Vacations can be tough times for those struggling with mental health issues such as depression, but the Riverside County woman hopes her journey will inspire people to get the help they need. increase.
Thanks to her family and therapy, she went from being homeless to a successful business owner.
Crystal Smith does what he wants. She dyes, cuts, and styles people’s hair.
“Blessed, blessed is the word,” said Smith.
In November 2020, Smith fell into a severe depression, something he’s dealt with from time to time since his teenage years.
Smith says her depression worsened after giving birth to her last two children.
“I just wanted to stay in bed all day,” Smith said. I just wanted to stay in bed.”
Her depression became so severe that Smith had to give up her job. She required treatment that included staying in a special home for intensive care.
“They would always tell me at home, ‘You gotta find a great support system and people trying to lift you up, someone who will be there for you whether you’re at your most depressed or not.’ ” said Smith.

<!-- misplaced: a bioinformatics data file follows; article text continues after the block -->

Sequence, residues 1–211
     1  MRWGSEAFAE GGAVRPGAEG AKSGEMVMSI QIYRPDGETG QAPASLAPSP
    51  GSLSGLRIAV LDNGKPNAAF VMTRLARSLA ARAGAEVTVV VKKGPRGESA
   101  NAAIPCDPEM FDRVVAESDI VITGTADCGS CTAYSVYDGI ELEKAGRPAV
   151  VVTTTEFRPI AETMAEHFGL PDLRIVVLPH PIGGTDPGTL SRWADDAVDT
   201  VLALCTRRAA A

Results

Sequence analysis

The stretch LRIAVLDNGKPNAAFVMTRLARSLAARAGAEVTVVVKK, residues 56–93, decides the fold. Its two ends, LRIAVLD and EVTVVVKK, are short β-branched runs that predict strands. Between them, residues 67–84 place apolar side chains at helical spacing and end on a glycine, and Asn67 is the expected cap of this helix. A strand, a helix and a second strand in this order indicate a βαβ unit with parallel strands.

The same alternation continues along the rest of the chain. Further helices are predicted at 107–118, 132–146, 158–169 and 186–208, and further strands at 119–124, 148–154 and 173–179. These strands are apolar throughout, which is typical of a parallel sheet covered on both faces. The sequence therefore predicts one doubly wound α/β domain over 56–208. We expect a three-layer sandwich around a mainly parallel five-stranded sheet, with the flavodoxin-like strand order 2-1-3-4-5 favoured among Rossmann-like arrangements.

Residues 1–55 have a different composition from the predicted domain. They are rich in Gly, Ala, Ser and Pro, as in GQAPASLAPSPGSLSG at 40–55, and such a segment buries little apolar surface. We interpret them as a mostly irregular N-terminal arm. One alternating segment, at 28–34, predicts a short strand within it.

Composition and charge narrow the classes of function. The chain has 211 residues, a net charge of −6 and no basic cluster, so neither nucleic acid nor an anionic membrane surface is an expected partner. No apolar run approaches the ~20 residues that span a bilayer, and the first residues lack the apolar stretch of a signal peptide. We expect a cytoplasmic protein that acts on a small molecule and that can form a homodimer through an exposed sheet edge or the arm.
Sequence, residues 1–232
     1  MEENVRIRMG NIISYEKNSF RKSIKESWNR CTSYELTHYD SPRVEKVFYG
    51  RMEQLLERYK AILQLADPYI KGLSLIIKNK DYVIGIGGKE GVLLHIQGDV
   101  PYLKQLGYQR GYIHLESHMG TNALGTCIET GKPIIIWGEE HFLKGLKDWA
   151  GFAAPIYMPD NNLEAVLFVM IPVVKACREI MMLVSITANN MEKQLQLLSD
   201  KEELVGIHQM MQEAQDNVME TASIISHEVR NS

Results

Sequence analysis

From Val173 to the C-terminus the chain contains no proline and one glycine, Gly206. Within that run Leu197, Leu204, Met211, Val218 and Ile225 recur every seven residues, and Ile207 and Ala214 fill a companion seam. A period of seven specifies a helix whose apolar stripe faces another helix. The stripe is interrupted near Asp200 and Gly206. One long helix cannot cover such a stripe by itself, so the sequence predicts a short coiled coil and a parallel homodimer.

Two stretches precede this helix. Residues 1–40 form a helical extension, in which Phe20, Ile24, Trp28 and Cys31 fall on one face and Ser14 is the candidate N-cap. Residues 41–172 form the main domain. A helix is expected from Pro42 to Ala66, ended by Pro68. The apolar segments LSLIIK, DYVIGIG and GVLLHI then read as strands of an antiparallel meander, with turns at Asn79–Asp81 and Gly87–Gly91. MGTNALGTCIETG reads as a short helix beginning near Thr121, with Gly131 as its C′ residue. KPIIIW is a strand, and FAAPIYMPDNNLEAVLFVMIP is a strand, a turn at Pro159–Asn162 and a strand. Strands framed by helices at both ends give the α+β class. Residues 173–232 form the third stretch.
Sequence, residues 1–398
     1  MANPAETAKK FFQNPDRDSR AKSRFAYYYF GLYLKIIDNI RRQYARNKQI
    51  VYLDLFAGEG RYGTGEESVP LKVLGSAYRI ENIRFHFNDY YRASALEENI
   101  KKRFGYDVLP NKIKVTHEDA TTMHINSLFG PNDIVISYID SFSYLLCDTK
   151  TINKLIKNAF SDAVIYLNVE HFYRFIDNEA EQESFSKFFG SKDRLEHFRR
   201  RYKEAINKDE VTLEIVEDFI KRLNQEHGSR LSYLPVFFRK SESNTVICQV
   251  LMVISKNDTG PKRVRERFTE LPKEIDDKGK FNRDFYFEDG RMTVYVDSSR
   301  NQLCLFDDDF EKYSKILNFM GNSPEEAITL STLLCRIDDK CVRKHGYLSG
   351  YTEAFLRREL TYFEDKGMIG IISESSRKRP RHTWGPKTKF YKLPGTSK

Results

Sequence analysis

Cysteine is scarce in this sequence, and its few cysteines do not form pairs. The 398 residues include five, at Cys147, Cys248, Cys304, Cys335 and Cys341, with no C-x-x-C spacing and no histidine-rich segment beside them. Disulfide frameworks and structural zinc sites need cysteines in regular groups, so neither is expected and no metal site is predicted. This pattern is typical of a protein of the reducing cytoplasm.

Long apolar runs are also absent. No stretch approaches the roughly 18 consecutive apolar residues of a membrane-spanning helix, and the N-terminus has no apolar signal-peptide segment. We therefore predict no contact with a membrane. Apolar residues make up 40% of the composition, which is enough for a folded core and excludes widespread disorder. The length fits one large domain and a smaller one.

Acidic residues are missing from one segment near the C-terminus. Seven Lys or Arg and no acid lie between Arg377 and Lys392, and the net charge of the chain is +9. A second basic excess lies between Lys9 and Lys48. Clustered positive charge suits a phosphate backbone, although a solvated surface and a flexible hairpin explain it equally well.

That support system includes her church and her husband, Dillon, who quit his job so he could focus on Crystal’s recovery while caring for six children, ages 3 to 11.
“I was a truck driver and I didn’t want to come home and find my wife dead,” Dillon said.
With minimal income, the family was forced to live in a motel for a short time before finally saving enough money to buy a campervan.
For over a year and a half, they stayed at campgrounds throughout Riverside County.
In the meantime, Ms. Dillon says the treatment and medication have made her feel better and she has started cutting hair for the campers.
“Then one of her friends reached out and said, ‘I’m not working three days a week. If you want to pop into my salon suite these three days, you’re welcome.'” said Dillon.
In June, Crystal and Dillon saved enough money to open Smith Hair Salon in Temecula.
They also started a non-profit organization called “Crown of Glory Ministries.”
“To help people who are in the same situation as they were two years ago,” Dillon said.
By giving advice on how to deal with a mental health crisis, and most importantly, by giving hope that a good support system and good therapy will improve the situation.
“The treatment will not end immediately, so please do not give up no matter how long it takes.